Gov. Bob Riley has filed his opening brief in Riley v. Kennedy, No. 07-7, in the U.S. Supreme Court. You may download the file here.

    Nevada: Obama attacks the source of his woes -- "a bunch of lawyers"

    The Caucus blog of the New York Times reports: At a rally this afternoon, Senator Barack Obama questioned the timing and legitimacy of a lawsuit that had been filed here seeking to prevent caucuses from being held Saturday in nine casinos on the Las Vegas Strip.

    “Are we going to let a bunch of lawyers try to prevent us from bringing about change in America?” Mr. Obama said, speaking to members of the Culinary workers union, which has endorsed his candidacy.

    A federal judge is expected to rule this week on a lawsuit filed against the Nevada Democratic Party by the state teachers’ union, which believes that nine “at-large” caucus locations at casinos provide an unfair advantage to Mr. Obama. Why? Culinary union members and other shift-workers who are on the job Saturday will be allowed to take an hour break to caucus near their workplace in a hotel ballroom, rather than return to their home precincts. -- Obama Questions Nevada Caucus Lawsuit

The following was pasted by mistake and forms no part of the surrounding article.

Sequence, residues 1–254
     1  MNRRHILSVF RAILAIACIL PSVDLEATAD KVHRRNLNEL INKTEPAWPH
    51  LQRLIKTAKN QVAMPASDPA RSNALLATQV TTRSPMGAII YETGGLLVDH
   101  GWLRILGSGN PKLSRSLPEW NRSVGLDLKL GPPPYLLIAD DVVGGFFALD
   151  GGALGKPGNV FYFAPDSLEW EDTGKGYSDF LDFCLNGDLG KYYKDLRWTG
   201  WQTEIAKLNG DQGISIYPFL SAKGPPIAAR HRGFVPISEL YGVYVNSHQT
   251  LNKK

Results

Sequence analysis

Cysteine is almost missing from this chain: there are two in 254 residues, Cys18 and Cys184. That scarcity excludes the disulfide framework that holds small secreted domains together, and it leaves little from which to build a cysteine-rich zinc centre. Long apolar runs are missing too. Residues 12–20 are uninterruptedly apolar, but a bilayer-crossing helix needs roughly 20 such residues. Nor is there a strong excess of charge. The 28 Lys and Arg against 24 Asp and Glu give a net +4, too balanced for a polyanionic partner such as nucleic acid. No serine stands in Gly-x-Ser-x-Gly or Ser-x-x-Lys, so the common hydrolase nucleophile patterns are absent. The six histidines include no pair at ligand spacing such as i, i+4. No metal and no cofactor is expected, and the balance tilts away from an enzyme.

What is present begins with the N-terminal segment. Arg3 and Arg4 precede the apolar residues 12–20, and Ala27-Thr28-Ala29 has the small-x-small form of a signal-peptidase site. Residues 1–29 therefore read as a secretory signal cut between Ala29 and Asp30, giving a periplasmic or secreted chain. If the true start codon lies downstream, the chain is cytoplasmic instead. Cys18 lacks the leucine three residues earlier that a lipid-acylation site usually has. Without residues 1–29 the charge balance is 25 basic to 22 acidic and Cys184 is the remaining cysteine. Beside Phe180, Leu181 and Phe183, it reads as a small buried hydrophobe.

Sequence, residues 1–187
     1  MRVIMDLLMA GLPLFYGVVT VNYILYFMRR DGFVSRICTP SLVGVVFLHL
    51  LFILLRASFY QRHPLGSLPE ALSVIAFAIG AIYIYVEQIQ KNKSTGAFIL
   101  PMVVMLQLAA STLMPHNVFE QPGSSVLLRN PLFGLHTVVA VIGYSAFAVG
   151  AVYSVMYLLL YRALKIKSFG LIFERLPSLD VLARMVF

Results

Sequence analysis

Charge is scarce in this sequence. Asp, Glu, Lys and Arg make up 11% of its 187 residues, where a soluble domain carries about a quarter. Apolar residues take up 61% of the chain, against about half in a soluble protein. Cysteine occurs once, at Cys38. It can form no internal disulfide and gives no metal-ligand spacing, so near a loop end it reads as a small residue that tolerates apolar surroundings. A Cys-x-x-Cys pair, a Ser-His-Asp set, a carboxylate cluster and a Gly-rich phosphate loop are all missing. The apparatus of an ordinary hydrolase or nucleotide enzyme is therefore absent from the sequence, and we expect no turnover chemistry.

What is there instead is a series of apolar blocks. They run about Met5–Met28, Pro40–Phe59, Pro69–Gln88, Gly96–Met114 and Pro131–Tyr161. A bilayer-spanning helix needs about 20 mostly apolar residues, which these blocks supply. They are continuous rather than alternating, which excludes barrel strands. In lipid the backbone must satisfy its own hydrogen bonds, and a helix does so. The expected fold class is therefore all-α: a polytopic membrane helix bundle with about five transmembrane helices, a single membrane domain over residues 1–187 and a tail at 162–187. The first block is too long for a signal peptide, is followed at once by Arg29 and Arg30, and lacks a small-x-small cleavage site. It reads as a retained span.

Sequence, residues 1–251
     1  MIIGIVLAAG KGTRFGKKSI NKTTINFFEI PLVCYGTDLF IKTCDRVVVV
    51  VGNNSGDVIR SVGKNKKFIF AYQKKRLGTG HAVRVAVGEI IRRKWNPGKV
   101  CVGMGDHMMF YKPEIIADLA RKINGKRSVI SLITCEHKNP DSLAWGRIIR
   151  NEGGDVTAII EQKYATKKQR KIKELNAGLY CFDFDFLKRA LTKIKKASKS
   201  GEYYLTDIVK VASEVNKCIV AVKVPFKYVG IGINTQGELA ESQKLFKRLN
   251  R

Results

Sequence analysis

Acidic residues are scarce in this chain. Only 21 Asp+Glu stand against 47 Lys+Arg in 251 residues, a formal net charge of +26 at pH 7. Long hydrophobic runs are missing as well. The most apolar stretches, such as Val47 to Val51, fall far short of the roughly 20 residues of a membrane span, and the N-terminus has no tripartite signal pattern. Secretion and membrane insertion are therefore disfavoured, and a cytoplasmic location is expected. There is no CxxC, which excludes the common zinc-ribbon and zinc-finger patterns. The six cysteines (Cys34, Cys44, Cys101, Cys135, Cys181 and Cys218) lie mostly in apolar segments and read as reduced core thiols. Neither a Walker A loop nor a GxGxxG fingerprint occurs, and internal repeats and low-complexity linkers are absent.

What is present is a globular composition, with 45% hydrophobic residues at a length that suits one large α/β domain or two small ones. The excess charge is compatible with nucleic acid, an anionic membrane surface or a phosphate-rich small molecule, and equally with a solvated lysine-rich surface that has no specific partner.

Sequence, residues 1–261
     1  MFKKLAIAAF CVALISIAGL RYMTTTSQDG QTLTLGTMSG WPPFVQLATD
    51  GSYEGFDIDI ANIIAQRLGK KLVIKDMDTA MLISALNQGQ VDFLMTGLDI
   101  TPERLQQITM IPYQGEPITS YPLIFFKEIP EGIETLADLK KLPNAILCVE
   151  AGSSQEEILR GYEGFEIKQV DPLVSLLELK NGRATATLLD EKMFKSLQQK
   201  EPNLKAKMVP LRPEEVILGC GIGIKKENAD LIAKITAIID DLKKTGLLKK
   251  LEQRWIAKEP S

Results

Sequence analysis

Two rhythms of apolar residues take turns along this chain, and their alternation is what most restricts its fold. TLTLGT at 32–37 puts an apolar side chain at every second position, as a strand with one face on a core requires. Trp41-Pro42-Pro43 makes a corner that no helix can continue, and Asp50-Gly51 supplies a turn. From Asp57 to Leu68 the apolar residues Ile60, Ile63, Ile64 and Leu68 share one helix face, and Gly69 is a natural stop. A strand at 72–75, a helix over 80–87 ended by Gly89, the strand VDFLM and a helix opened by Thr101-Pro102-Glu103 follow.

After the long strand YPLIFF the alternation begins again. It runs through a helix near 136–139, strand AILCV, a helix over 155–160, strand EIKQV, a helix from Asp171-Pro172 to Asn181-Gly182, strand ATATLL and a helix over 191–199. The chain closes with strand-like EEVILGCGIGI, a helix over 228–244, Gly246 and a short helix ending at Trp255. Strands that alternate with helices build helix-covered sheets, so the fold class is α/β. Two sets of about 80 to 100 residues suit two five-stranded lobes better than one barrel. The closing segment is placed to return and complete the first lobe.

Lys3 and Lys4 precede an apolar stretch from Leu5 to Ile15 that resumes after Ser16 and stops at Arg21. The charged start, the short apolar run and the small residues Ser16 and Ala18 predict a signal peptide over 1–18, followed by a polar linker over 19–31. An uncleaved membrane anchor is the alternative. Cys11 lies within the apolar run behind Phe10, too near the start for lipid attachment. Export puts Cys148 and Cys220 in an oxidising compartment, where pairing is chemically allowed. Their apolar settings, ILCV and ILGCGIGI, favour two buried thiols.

January 12, 2008

    Nevada; Nevada Teachers sue to stop at-large caucus sites inside resorts

    The New York Times reports: Nevada’s state teachers union and six Las Vegas area residents filed a lawsuit late Friday that could make it harder for many members of the state’s huge hotel workers union to vote in the hotly contested Jan. 19 Democratic caucus in Nevada.